These extracts are fairly representative of the ideas and the spirit of the religious press of this country. Passing by the various misrepresentations with which they bristle, what is their common upshot? That in its treatment of social science Yale College is bound to take into account, first of all, its theological character as a Christian institution. We say, on the contrary, that the first duty of Yale College, as a seat of liberal learning, is to truth, which is to be cordially welcomed from all sources. It is bound to recognize, first of all, that knowledge is progressive, and to teach it in its most developed and perfected forms. It is not at liberty to disregard the lessons of experience. There was a time when the great universities of Europe were called upon to resist the progress of astronomy, in the name of Christianity. Later, they were again called upon to resist the progress of geology, in the name of Christianity. And now our colleges are called upon to resist the progress of sociology, in the name of Christianity. The demand, futile in the former cases, is now ridiculous. It is an anachronism, and serves only as a register of the survival of bigotry. The mortifying fact is, that we in this country are behind the age in liberty of thought as a guiding principle in higher education. The Reverend Chancellor of the University of New York is reported to have declared that, if the works of Herbert Spencer should be introduced into the institution over which he presides, he would resign his position. Yet these works are introduced and freely used in the English universities. Alike in England, Scotland, and Ireland, students are required to be acquainted with the contents of the "Psychology"; and in some of the universities Spencer's philosophical treatises are used as text-books. Oxford led the way a dozen years ago with the "Biology" as well as the "Psychology," and even went so far as to allow Spencer's works to be given as prizes. In France, the state authorities, who superintend educational affairs, have formally adopted Spencer's works to be introduced into the libraries of the lyceums and colleges throughout the country, and have also made them available for prizes. And all this without any such foolish noise and fanatic splutter as has followed a similar attempt in one of our own colleges.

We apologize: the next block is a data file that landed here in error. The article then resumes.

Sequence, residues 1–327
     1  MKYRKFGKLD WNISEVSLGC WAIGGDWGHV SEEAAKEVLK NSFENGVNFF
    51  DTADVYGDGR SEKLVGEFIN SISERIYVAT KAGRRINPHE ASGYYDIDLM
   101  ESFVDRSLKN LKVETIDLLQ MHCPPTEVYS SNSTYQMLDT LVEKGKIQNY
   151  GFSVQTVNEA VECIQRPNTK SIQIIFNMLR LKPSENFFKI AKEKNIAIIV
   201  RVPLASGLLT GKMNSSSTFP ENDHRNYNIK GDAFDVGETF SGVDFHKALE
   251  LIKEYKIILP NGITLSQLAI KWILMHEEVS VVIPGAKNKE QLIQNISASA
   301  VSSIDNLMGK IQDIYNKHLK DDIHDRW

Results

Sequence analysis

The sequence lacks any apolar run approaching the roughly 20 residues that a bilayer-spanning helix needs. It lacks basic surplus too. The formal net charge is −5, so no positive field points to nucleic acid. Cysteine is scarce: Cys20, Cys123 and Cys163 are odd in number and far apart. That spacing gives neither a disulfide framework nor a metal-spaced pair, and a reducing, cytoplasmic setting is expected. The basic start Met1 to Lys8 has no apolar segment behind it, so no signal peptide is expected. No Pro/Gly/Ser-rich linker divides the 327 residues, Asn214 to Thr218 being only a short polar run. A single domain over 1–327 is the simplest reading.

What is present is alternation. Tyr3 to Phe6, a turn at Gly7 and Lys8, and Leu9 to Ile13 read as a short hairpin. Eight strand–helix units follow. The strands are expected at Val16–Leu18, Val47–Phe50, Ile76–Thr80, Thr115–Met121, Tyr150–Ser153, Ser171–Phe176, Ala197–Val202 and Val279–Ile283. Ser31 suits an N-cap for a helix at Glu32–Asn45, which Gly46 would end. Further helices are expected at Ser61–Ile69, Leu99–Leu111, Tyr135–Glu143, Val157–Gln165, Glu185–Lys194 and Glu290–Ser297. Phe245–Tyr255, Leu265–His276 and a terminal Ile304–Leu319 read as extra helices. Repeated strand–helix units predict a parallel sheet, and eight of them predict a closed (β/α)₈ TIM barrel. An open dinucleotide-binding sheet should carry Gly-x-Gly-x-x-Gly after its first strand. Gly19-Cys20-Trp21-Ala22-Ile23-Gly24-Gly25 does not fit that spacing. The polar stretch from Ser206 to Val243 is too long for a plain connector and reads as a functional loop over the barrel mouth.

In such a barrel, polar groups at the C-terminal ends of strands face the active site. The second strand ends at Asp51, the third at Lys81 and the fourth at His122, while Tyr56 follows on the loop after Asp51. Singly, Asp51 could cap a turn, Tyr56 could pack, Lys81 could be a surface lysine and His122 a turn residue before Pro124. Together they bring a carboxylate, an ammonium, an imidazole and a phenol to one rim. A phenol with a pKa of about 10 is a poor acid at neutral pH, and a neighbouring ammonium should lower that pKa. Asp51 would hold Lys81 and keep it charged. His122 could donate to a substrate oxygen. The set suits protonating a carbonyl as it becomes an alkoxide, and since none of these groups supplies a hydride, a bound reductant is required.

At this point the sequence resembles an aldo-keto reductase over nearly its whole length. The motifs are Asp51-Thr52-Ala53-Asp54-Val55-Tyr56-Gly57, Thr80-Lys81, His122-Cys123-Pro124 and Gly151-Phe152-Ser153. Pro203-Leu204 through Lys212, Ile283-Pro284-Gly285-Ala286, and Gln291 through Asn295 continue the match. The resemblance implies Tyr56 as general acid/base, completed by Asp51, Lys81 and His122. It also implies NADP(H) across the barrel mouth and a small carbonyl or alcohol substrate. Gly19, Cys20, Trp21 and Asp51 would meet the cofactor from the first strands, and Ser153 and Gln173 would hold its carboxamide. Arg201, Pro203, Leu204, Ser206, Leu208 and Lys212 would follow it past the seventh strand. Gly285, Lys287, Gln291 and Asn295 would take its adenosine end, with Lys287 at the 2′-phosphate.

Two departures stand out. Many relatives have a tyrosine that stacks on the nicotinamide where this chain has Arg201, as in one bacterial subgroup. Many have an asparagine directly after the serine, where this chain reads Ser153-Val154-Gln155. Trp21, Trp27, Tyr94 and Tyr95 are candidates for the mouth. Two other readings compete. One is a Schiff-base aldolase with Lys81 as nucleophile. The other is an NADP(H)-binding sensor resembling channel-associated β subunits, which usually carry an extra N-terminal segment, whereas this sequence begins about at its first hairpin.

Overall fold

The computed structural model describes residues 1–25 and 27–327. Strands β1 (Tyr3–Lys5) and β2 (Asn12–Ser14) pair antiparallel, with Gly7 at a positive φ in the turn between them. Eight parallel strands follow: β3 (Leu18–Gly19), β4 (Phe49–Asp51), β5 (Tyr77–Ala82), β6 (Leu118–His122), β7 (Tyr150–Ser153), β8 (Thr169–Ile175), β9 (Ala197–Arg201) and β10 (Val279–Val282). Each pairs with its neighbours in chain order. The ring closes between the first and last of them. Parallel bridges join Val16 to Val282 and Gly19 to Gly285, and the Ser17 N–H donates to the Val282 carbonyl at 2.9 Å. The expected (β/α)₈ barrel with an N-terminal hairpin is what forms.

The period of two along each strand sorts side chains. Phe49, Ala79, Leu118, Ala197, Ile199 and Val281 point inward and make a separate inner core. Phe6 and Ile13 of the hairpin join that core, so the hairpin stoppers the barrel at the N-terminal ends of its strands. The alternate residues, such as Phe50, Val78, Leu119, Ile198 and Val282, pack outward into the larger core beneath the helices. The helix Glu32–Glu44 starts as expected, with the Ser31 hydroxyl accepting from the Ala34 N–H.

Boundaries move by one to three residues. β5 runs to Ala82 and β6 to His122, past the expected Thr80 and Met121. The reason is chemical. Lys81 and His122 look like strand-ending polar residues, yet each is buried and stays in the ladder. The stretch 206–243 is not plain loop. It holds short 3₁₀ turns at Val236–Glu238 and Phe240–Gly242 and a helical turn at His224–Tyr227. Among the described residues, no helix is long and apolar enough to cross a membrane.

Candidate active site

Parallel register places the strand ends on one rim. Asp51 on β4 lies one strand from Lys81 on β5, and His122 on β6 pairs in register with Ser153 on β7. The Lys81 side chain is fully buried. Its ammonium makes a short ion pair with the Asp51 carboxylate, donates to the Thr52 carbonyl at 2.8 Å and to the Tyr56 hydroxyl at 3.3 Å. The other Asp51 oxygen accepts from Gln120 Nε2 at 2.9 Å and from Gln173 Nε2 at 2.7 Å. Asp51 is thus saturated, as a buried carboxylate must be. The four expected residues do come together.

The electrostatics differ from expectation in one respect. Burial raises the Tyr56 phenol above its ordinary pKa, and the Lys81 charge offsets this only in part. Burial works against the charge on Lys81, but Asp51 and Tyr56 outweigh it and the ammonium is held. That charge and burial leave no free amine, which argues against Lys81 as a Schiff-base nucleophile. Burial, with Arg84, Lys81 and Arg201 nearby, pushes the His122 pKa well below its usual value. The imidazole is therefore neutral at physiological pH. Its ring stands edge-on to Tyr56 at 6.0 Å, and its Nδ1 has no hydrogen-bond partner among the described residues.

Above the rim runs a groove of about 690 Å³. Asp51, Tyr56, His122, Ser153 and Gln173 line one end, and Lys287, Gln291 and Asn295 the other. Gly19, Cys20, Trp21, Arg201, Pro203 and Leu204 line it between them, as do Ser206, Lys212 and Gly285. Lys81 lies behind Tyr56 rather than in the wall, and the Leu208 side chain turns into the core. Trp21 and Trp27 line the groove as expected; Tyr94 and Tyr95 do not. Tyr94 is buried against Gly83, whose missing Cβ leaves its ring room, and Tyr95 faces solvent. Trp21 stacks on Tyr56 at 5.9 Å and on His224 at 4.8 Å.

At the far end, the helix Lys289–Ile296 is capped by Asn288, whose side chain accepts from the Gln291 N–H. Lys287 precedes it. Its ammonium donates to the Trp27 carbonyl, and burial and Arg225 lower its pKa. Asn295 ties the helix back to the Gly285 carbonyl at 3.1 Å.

Something has, however, happened in France equally funny and instructive, which it is proper to mention, especially as it may serve as a hint for compromise on this side. The question is, When an author can not be answered, what is to be done? The tactics of the Chancellor above referred to is to run; but there remains the alternative of expurgation. If there are things that can not be replied to, and which will "pervert the young mind," cut them out. Now, the French have very little trouble with Spencer's treatment of religious subjects, but his irreverence for the ancient classics greatly troubles them. It might be thought a good method to point out his errors to students, but that plan does not meet with favor. And so the Minister of Public Instruction in France has arranged to prepare an edition of Spencer's "Education" which the Government may approve, and in which the part dealing with science and classics is omitted.